Joe Nicoletti applies the final touches of gold leaf to a frieze on the ceiling… (Michael Robinson Chavez,…)
Joe Nicoletti started out painting houses in New Jersey. These days, he paints Los Angeles City Hall.
Since a major renovation of the historic building began nearly 20 years ago, Nicoletti has been the city's go-to guy when a skilled hand is needed to restore a frieze or touch up a mural.
His most recent assignment — repainting the elaborately decorated ceiling of the Main Street lobby — took the 50-year-old Santa Monica resident two weeks and eight assistants to complete. His crew toiled at night, the better to stay out of the way of city bureaucrats, and Nicoletti livened the work space with the sounds of Ella Fitzgerald, Frank Sinatra and the like. Around midnight, they would break for "lunch," usually takeout from downtown eateries such as Pete's Cafe or Cole's French Dip.
The last night of the job, Nicoletti and some members of his crew were finishing up a few final details. Some cracked plaster needed repairing, and a small section of gold didn't look quite rich enough. Nicoletti had brought several sheets of gold leaf that he hoped would do the trick.
"It's $1,700 an ounce," he said, waving the sheets like little flags. The gold is also edible, he added. "You can sprinkle it on some souffle."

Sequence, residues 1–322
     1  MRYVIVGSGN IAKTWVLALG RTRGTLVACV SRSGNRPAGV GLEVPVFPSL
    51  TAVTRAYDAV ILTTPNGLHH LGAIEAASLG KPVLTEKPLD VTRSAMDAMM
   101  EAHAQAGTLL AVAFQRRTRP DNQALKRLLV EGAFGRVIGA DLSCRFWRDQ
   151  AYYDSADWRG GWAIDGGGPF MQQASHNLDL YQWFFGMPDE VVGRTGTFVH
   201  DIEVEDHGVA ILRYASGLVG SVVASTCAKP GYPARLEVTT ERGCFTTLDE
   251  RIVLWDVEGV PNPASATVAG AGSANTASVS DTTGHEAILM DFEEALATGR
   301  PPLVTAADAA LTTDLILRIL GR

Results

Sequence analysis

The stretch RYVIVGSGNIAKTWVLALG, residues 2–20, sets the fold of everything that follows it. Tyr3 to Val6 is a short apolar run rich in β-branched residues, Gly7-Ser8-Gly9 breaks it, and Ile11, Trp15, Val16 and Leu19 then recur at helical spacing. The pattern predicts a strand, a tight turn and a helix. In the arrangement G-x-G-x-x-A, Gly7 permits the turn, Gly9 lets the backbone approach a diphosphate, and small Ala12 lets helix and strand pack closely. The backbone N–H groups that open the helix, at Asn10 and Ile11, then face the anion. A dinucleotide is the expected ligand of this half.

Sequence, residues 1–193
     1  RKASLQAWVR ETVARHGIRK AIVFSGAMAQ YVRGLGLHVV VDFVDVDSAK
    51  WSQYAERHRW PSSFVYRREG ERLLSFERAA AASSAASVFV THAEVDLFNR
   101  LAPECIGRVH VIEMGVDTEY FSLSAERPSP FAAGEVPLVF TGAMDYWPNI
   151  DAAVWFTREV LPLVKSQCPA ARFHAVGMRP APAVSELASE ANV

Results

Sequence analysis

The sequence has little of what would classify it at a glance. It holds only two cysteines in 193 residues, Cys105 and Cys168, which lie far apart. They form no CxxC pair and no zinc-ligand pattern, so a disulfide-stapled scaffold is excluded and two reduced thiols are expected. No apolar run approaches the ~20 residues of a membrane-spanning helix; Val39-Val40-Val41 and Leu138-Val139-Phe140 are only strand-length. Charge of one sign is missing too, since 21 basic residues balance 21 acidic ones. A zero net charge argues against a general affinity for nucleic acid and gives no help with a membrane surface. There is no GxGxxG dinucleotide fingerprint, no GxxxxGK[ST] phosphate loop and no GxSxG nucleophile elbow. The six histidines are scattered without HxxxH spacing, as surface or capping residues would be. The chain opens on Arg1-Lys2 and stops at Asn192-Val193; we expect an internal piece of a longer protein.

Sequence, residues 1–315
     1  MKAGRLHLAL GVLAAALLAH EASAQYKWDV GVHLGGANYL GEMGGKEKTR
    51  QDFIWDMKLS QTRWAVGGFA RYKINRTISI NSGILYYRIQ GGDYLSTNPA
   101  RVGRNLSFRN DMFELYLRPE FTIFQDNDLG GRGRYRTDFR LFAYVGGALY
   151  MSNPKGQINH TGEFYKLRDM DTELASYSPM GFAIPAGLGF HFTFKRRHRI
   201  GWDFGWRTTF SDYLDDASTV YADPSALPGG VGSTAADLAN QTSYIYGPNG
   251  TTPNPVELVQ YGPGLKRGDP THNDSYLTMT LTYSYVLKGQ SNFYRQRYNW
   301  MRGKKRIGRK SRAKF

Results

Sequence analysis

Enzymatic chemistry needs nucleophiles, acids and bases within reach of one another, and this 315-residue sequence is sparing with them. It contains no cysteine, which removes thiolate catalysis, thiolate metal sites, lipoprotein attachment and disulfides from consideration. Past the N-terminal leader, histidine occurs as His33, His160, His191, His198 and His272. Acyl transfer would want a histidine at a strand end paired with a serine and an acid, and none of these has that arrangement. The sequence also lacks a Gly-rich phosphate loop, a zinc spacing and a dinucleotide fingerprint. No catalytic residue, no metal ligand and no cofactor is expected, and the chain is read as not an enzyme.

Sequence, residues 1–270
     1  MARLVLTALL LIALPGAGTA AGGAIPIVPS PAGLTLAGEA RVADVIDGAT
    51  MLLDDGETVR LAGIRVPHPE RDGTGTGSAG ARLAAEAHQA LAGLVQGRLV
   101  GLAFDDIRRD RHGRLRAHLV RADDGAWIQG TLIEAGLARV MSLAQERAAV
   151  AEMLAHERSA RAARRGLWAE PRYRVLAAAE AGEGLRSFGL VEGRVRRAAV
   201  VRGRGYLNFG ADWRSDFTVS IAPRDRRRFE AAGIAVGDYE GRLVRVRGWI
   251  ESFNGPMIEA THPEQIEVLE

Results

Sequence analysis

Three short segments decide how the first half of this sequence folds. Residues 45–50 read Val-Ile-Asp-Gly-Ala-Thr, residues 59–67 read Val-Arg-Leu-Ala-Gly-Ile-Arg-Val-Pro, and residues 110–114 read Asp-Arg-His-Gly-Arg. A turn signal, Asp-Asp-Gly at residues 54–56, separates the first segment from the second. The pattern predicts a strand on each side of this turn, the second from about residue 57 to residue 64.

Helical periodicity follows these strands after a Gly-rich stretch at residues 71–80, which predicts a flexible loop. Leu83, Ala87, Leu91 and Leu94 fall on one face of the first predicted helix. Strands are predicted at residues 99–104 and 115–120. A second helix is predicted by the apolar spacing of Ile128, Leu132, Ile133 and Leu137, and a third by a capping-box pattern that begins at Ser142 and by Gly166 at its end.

He was standing atop precarious-looking scaffolding. An assistant, Luke Adkins, steadied the apparatus down below as Nicoletti excitedly pointed out noteworthy patterns in the ceiling's design. "This is a medallion, that's a ziggurat, and I think this is a cartouche," he said.
Then he dabbed some glue, pressed the gold leaf into place and gently peeled off the backing, as if applying a temporary tattoo.
"That is sweet," Adkins called up. "That is very nice. Man, you nailed it."
His company, Chameleon Paintworks, has done custom jobs at downtown's Millennium Biltmore Hotel, an 89-year-old historic landmark, and for celebrity clients including Quentin Tarantino and Sting.
But there's something special about City Hall, he said. Over the years he has painted its hallways, ceilings and even the City Council chambers. He plans to bid on future contracts for restoration work in the building's rotunda and other areas.
"I'm really proud of this building," he said. "I like it a lot."